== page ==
• Review
By – April 25, 2023

As Ger­ald Stern explains in a short intro­duc­tion, his book-length poet­ic sequence I. is nei­ther a rewrite” nor a retelling” of the book of Isa­iah, but rather a con­tin­u­a­tion.” These thir­ty-five poems trace the New York jour­ney — a side trip on the east side,” Stern jokes — of a fig­ure named I. The poem begins when this man sees, as Stern once did from the win­dow of a bus, the East End Tem­ple, an aban­doned syn­a­gogue whose facade bears an inscrip­tion from Isa­iah: This house shall be called a house of prayer for all people.

The sight seems to sum­mon a ver­sion of the prophet into the poem. He — that is, I. — is by turns furi­ous, mourn­ful, hec­tor­ing, and nos­tal­gic; he is com­pul­sive, and, some­times, berserk.” (He rearranges the salt-and-pep­per shak­ers at the Cos­mos Din­er, a real place that is now closed.) Look­ing at the temple’s facade, plas­tered with expired work per­mits, I. thinks the work / will nev­er be done” — a sen­ti­ment that echoes much Jew­ish writ­ing and thought.

Most­ly, I. roams the city, stir­ring up the ghosts of oth­er books (Cervantes’s Don Quixote and Ginsberg’s Howl, among oth­ers), and mus­ing on the injus­tices of the past, present, and future. Stern’s use of the third per­son he” when he writes about I. lends a poet­ic con­scious­ness that is both inside and out­side the char­ac­ter. He describes I. kash­er­ing meat: “ … you drain the flesh, you salt the flesh, you pound it / on mar­ble till it’s dry … and that’s for Mom, remem­ber, Mom? I. cooked it through and through, he cooked the potatoes … ”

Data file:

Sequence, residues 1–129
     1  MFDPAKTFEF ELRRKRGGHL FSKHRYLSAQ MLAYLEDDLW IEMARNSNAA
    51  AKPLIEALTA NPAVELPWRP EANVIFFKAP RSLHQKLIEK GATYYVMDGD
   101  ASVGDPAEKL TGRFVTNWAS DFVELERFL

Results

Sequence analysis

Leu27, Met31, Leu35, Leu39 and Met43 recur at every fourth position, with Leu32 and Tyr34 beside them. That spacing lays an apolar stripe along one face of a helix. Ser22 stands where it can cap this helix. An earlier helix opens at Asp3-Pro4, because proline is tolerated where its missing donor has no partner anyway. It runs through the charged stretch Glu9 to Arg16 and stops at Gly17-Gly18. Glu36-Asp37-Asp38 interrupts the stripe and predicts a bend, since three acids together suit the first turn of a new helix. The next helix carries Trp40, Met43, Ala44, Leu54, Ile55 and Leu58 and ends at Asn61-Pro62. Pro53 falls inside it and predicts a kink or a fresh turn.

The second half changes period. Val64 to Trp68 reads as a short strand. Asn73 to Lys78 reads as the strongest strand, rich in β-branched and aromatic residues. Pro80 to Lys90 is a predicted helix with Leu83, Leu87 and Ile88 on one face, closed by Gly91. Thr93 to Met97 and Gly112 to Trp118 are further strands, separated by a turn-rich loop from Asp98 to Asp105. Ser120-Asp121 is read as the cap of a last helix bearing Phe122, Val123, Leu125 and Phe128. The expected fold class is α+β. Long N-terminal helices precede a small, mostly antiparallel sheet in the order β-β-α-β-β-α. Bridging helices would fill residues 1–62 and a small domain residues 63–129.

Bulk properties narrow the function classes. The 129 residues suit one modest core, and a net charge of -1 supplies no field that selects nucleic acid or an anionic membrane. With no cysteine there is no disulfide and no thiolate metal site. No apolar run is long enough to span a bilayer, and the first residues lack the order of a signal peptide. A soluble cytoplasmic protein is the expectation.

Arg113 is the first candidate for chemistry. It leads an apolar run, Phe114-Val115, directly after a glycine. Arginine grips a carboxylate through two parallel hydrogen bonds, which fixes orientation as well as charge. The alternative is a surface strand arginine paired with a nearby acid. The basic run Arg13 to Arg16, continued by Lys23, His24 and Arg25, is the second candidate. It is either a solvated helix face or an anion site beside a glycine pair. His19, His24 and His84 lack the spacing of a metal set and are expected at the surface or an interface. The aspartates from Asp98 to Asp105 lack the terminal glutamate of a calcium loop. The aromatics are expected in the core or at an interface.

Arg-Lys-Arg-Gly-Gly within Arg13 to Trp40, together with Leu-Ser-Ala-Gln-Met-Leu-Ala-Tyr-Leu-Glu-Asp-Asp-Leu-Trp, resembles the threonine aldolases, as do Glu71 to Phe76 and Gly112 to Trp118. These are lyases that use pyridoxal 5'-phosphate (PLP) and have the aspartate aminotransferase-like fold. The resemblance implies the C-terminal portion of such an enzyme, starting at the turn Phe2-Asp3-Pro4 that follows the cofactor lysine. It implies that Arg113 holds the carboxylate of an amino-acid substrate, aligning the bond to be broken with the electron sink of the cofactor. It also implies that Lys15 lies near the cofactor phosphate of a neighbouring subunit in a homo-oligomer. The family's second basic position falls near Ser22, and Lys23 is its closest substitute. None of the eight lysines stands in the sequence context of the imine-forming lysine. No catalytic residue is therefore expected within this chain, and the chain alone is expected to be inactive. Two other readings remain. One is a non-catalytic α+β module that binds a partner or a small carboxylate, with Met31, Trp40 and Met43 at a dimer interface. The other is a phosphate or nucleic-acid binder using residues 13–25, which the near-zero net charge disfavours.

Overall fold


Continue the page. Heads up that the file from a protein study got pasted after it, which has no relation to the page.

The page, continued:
If it sounds like a strange poem, it is. Car­ried along by the poet’s inven­tion, though, the read­er may find Stern’s I. no stranger than its pre­de­ces­sor. Like the Book of Isa­iah, I. is mul­ti-voiced, sequen­tial­ly hyper-focused, and some­times cryp­tic. Everyone’s name is an ini­tial: M. is Moses, E. is Emi­ly Dick­in­son, W. is George W. Bush. The Almighty goes by the ini­tial G. and resem­bles the God of Isa­iah. In an illu­mi­nat­ing after­word, Ali­cia Ostrik­er observes that in Stern’s poem, God and I. are suf­fer­ing in tan­dem.” When I. wal­lows in self-recrim­i­na­tion, Stern asks, wasn’t G. / him­self emo­tion­al? Didn’t M. make him cry?” 

Stern, who died at nine­ty-sev­en in Octo­ber 2022, first pub­lished I. in the online mag­a­zine Black­bird in 2009 — way back when online’ was sort of unof­fi­cial or ille­git­i­mate,” poet Ross Gay writes in the elo­quent, affec­tion­ate biog­ra­phy of Stern that serves as the book’s fore­word. While the poem is still par­tial­ly avail­able online, the artist-run Jew­ish pub­lish­er Ayin Press has cre­at­ed an aus­tere, attrac­tive pre­sen­ta­tion that con­veys both the dig­ni­ty of Stern’s achieve­ment and the demo­c­ra­t­ic, approach­able qual­i­ty of his work. A wel­come addi­tion to Stern’s pub­lished cor­pus, I. is a fine intro­duc­tion to what Gay calls the adamant digres­sion” of his work. It is also a piece of prophe­cy for our own time, one that man­ages to love the bro­ken world it evokes. For, as the poet con­cludes of I., “ … he hasn’t last­ed for eighty-two years for nothing.” 

Nan Cohen is the author of the poet­ry col­lec­tions Rope Bridge and Unfin­ished City and the chap­book Thou­sand-Year-Old Words. The recip­i­ent of a fel­low­ship from the Yet­zi­rah con­fer­ence for Jew­ish poets, her poems have recent­ly appeared on The Slow­down and in The Beloit Poet­ry Journal.

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